Researchers say the causes of PCOS are complicated, but insulin resistance and hormone regulation are key factors.
You may be able to manage these factors and ease your symptoms through lifestyle changes and dietary supplements, but there’s no one-size-fits-all approach to treatment.
You should always talk with your doctor before you try any alternative treatment. They can discuss possible dosage, side effects, and interactions.
Eating the right foods and avoiding certain ingredients may help you manage your symptoms. A nourishing diet can help regulate your hormones and your menstrual cycle. Eating processed, heavily preserved foods can contribute to inflammation and insulin resistance.
It’s all about whole foods
Whole foods are free from artificial sugars, hormones, and preservatives. These foods are as close to their natural, unprocessed state as possible. Fruits, vegetables, whole grains, and legumes are whole foods that you can add to your diet.
Without hormones and preservatives, your endocrine system can better regulate your blood sugar.
Balance crab and protein intake
Carbohydrates and protein both impact your energy and hormone levels. Eating protein stimulates your body to produce insulin. Unprocessed, high-crab foods can improve insulin sensitivity. Instead of trying a low-crab diet, focus on getting enough healthy protein. How to get pregnant with PCOS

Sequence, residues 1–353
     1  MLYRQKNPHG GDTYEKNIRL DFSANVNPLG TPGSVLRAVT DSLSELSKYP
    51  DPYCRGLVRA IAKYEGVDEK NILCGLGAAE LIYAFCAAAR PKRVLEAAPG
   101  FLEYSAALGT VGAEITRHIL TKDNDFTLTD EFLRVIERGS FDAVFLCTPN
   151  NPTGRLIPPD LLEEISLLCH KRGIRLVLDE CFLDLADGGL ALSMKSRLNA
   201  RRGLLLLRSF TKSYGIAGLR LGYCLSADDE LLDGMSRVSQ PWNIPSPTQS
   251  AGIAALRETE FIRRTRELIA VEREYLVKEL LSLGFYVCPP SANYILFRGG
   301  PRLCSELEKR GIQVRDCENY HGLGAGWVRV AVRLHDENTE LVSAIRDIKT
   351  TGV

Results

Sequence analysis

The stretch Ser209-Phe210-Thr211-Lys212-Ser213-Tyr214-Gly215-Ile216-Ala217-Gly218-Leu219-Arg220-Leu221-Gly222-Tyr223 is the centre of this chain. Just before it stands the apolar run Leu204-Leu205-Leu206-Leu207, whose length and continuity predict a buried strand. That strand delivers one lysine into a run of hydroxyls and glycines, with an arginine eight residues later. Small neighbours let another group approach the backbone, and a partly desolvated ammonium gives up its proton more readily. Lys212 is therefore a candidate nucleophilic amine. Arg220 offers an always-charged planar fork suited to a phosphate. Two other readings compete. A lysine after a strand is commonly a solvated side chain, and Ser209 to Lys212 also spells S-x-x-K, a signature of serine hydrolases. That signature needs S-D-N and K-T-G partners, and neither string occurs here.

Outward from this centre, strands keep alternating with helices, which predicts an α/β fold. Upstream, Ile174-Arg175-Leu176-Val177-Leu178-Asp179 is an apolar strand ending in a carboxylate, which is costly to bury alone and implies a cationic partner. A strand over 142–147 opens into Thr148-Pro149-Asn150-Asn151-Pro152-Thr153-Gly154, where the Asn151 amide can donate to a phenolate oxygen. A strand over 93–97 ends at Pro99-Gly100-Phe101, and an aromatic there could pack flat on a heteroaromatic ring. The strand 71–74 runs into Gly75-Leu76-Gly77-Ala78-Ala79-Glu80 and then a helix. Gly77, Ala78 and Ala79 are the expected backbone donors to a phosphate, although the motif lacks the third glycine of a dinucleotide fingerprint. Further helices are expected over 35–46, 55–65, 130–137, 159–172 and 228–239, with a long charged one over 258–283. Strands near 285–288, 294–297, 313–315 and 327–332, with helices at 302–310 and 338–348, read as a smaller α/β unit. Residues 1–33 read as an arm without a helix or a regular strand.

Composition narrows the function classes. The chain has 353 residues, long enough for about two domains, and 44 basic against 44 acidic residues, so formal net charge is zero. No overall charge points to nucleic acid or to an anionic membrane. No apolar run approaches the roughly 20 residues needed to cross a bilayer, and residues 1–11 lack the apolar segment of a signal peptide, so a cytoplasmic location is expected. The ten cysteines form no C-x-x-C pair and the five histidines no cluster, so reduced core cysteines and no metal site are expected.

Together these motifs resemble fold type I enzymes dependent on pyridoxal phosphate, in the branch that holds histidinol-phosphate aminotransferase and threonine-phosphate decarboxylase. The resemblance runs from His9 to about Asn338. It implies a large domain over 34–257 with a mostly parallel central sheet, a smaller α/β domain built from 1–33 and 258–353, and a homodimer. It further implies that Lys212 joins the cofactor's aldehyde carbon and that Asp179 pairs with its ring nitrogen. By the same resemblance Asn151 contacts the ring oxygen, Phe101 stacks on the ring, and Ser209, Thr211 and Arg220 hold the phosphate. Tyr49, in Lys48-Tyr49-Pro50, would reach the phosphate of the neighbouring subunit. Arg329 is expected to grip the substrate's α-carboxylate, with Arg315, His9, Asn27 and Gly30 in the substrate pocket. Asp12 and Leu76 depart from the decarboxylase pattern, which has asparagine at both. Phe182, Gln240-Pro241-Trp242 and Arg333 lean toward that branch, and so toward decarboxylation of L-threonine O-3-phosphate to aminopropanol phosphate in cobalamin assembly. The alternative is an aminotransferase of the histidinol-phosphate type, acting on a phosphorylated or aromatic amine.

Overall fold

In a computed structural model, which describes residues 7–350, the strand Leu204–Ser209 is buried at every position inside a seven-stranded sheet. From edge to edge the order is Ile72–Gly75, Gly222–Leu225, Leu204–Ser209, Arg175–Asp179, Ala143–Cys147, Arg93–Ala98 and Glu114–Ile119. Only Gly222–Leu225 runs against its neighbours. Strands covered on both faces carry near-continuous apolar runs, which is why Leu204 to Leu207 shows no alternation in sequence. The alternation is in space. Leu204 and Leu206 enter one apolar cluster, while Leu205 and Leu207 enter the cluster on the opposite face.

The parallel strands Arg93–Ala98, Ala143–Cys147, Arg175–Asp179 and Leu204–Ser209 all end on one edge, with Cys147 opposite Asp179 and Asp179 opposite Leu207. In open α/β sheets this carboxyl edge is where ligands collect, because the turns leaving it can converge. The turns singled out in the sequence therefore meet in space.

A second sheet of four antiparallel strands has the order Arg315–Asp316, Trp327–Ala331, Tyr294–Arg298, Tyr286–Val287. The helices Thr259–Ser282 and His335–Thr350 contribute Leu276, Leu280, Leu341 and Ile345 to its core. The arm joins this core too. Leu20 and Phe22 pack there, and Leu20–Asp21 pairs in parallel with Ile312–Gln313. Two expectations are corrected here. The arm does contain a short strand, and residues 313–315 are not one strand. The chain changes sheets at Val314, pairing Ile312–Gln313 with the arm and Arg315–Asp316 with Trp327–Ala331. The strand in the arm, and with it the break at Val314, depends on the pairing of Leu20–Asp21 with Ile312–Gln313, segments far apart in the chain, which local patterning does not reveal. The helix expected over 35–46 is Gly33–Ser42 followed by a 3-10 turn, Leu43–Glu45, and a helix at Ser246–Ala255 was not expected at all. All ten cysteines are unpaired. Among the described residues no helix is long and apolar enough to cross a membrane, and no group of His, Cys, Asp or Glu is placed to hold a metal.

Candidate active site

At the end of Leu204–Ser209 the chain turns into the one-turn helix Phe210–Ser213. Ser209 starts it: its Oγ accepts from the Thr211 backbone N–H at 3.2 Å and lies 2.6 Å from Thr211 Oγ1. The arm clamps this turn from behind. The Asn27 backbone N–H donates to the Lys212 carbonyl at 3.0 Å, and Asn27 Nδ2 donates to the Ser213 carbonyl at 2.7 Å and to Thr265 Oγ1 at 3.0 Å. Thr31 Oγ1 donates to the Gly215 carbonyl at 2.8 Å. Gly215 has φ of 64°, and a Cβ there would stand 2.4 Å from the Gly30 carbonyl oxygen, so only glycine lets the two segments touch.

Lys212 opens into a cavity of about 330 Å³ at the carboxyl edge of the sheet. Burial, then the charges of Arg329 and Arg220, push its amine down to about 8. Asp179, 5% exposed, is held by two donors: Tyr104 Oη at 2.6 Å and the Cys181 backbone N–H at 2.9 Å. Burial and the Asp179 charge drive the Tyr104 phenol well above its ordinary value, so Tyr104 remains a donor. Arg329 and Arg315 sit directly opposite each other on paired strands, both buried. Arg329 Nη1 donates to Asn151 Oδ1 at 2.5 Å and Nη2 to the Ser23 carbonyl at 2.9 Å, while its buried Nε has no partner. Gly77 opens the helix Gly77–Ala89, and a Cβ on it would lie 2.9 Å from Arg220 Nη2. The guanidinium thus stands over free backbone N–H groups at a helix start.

Plant-based protein sources, such as nuts, legumes, and whole grains, are best Trusted Source.
Aim for anti-inflammatory
PCOS is described by one study as low-level chronic inflammation. Adding anti-inflammatory foods to your diet can help ease your symptoms.
Consider the Mediterranean diet as an option. Olive oil, tomatoes, leafy greens, fatty fish like mackerel and tuna, and tree nuts all fight inflammation.
Up your iron intake
Some women with PCOS experience heavy bleeding during their period. This can result in iron deficiency or anemia. If your doctor has diagnosed you with either condition, talk with them about how you can up your iron intake. They may recommend adding iron-rich foods such as spinach, eggs, and broccoli to your diet.
You shouldn’t up your iron intake without first consulting your doctor. Too much iron can increase your riskof complications.
Up your magnesium intake
Almonds, cashews, spinach, and bananas are PCOS-friendly foods rich in magnesium.
Add in some fiber to help with digestion
A diet high in fiber can help improve your digestion. Lentils, lima beans, broccoli, Brussels sprouts, pears, and avocados are all rich in fiber.
Cut out coffee
Caffeine consumption may be linked to changes in estrogen levels and hormone behavior. Try boosting your energy with a decaf alternative, such as an herbal tea. Kombucha’s probiotic properties may also be beneficial.
And if you can’t go without a caffeine boost, reach for green tea instead. Green tea has been shown to improve insulin resistance. It can also help with weight management in women with PCOS.
Consider soy products
Before adding more soy to your diet, ask your doctor about the latest research. Soy acts like estrogen in your body. This might help balance hormones if you have PCOS. But there’s also evidence that adding soy to your diet could disrupt your endocrine system.
People with a family history of estrogen-related cancers, such as some breast cancers, should avoid soy products. If your doctor approves adding soy to your diet, consider soy milk, tofu, miso, and tempeh.